Saturday, November 17, 2007

Ode to Arco

We took the boys to see the Globetrotters Thursday night at Arco Arena. The kids (and we) loved it, but something was missing. Not in the on-the-court performance, but the arena. Acro is an aging, charter-less, stale venue. It oozes – from the banged-up plastic seats to the 80s-era concessions to the stale beer aroma to the ambivalent employees – an apathetic malaise. It’s a tired place.

Why and how do things and stuff tire? Think of a book that’s remorsefully halfway read on your nightstand. Or a relationship that drags. Or an environment that lacks spark, intrigue or energy.

When people sincerely care about something, someone, or some place, you can tell. There’s a there there, a genuine dose of helium. It’s the book to read, the person to interact with, or the restaurant to visit. It’s the job that doesn’t feel like work. When it’s missing, it’s obvious.

Companies – collaborations of people focused on accomplishing a mission and making a buck – are cardinal candidates too. When you encounter or help propel a company that has “it,” hop aboard. People are intrigued … they want to be involved, as a team member, investor, customer, supplier, distributor, partner, or advocate.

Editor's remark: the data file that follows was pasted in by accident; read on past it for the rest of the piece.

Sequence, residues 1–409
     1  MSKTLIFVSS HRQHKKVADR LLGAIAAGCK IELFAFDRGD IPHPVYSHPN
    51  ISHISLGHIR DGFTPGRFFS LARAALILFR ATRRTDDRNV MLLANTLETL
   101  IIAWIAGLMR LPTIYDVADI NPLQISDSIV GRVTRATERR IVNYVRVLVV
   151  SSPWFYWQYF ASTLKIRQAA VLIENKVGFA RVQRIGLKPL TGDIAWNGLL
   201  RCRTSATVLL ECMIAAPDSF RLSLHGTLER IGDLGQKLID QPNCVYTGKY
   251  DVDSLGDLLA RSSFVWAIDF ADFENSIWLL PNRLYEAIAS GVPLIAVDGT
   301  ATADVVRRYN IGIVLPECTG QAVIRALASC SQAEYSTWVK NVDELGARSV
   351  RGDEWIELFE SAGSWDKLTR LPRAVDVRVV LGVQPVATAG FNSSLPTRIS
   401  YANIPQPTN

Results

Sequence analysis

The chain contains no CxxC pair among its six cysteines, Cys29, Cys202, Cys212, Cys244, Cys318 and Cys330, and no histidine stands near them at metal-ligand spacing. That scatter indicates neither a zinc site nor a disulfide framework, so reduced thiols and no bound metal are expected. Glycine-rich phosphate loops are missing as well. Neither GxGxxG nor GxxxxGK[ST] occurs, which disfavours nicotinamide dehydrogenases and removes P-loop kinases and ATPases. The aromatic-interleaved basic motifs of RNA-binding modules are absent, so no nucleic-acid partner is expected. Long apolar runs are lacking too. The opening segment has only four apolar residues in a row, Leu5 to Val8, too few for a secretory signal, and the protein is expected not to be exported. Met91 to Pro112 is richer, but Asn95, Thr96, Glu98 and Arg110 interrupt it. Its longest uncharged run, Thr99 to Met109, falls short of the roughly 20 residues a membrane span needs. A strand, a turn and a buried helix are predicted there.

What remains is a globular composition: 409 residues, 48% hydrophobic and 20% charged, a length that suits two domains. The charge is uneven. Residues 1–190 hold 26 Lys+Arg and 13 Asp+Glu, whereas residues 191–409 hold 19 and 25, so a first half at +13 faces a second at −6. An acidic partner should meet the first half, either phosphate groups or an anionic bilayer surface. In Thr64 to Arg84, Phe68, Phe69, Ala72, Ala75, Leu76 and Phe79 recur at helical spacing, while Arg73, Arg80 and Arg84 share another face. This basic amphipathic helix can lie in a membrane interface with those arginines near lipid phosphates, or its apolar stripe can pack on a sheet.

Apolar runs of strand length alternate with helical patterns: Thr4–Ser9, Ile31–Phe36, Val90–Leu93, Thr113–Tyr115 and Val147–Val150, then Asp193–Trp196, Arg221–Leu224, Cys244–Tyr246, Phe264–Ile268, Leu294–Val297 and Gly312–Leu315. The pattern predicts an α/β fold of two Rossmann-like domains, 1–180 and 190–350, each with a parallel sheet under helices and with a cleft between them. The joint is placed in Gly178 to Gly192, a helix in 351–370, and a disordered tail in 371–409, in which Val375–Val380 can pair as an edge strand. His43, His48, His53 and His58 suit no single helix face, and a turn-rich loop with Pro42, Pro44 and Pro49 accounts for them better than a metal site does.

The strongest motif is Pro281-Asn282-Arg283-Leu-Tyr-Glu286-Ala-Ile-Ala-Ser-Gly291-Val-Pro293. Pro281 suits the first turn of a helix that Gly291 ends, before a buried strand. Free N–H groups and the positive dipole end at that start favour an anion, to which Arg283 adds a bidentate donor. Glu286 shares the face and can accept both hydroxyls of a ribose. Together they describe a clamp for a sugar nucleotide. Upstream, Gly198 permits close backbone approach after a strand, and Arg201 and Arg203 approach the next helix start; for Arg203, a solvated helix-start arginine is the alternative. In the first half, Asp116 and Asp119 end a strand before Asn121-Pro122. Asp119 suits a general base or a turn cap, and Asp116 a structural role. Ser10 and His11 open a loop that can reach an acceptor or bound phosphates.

Flip the coin. Though it’s not binary, you can spot (sense?) a company that is tired. Work is, well, work. Stakeholders float through the motions, artificially pedaling the company’s day-to-day actions. The atmosphere is stale, the people emotionless. To quote Don Nelson, there comes a point where potential becomes notential.

When people care about anything – a book they’ve read and thereby share, a person they meet and want to introduce to others, or an establishment that is cool – shit happens. There’s a certain energy that’s contagious. When the energy erodes, move on. Life is too short to invest your time in tired stuff.

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Post-script (23 Nov. 07): The Great Andreessen shares an interview with one of his entrepreneurial heroes, Stephen Wolfram ... scroll down for a relevant thoughtbite:

People have different motivations, of course. A lot of people think the big thing with companies is money.

Yes, if you luck out, you can make a lot of money. But it's really rare that money carries people as a motivation.

You have to actually care about what you're doing.

For some people, like me, it's the actual creative content that they care most about. For other people, it's the act of building the company. For others, it's making deals. Or winning against competition.

But there has to be something you really care about.

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